The crucial thing to note about the above figures is that they only relate to prosecutions, not convictions. Of course, any prosecution is deadly serious. It has been made quite plain to me by Sue Knight, Sarah Burgess Boyde, Nicki Arch and many other Subpostmasters that even without a conviction a criminal prosecution can completely ruin your life. And with regard to the figures above, you would assume that the majority of prosecutions would result in convictions. I have no idea what I'm making that assumption on - perhaps the idea that the CPS, or the Post Office would only prosecute on strong evidence.
This is why the figure which was given to me on 3 April is so staggering - because it related to convictions - "around" 500 of them since 1999.
Doing the number-crunching, if we assume every single prosecution between 2004/5 and 2016/7 - 251 - resulted in a conviction (which we know it didn't), that meant between 1999 and 2003/4 the Post Office secured the conviction of at least 249 Subpostmasters over a four year period. Wow. More than one a week.
This is either uncovering criminality on an industrial scale, or the criminalisation of a significant number of people without, as far as I can see any audit, scrutiny, independent oversight or review.
The latest revelation - currently going out on the Today programme as I write - that the Post Office is now reviewing "around" NINE HUNDRED criminal prosecutions... blows the doors off. Of course there will be guilty people among them. But if there is even one innocent soul among that 900 (and the evidence so far suggests there is a great deal more than one), the Post Office should be on its knees apologising to them and their families for the damage they have done.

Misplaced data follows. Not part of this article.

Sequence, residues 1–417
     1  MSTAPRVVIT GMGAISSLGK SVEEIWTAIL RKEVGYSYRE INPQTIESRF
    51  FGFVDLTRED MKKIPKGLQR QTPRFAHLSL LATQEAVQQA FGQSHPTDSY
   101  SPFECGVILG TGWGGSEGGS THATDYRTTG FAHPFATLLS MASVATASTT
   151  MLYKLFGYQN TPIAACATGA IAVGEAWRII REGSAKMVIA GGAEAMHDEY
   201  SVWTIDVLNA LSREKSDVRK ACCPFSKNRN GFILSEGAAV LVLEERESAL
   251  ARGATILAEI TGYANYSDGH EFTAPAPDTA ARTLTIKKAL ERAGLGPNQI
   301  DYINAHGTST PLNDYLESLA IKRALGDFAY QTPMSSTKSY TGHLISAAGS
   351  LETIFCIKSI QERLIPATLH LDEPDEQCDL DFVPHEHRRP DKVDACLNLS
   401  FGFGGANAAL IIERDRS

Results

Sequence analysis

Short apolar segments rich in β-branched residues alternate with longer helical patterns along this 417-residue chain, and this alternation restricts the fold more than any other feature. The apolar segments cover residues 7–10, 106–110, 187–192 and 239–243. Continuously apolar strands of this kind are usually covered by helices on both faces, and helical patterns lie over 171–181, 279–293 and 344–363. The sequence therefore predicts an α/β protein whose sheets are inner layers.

The Horizon effect
Many years ago, when I was first looking at this story, a number of sensible editors would ask if I knew whether there was a significant uplift in the number of Subpostmasters prosecuted after the arrival of Horizon. Journalistically it was a key questions. If there was no uplift, then maybe Horizon wasn't the problem all the Subpostmasters were saying it was.
If there was an uplift, well... it might. Of course the Post Office would be able to explain it by saying it meant Horizon was instrumental in helping them identify the supposed criminality which was already out there, but it might also point to the start of where things started to go very wrong.
Finally, the answer to that decade-old question came on Friday.
For the first time the pre and post-Horizon prosecution figures are now public.
They look like this:
The answer to the question is yes, there was a significant uplift in prosecutions of Subpostmasters after the advent of Horizon. It went from an average of 3.6 Subpostmasters a year in the six years of available figures up to and including 1998 to an average of 29.8 a year in the six years after the introduction of Horizon in 1999. That is an eight-fold increase - or if you prefer it in percentage terms - 827%.
The only rational explanation for this is that the Post Office must have assumed that large numbers of its Subpostmasters were criminals, and at last, Horizon was helping catch them.
This perception that Subpostmasters are easily tempted criminals, combined with stupidity, a belief in the infallibility of computers, massively over-developed prosecutorial powers and a lack of independent scrutiny or oversight has resulted in a scandal you can now see from space.
I hope you are able to listen to The Great Post Office Trial, which starts on BBC Radio 4 today at 1.45pm and runs for ten episodes across two weeks. If you are reading this after the event, you can find all the episodes here after they have been broadcast.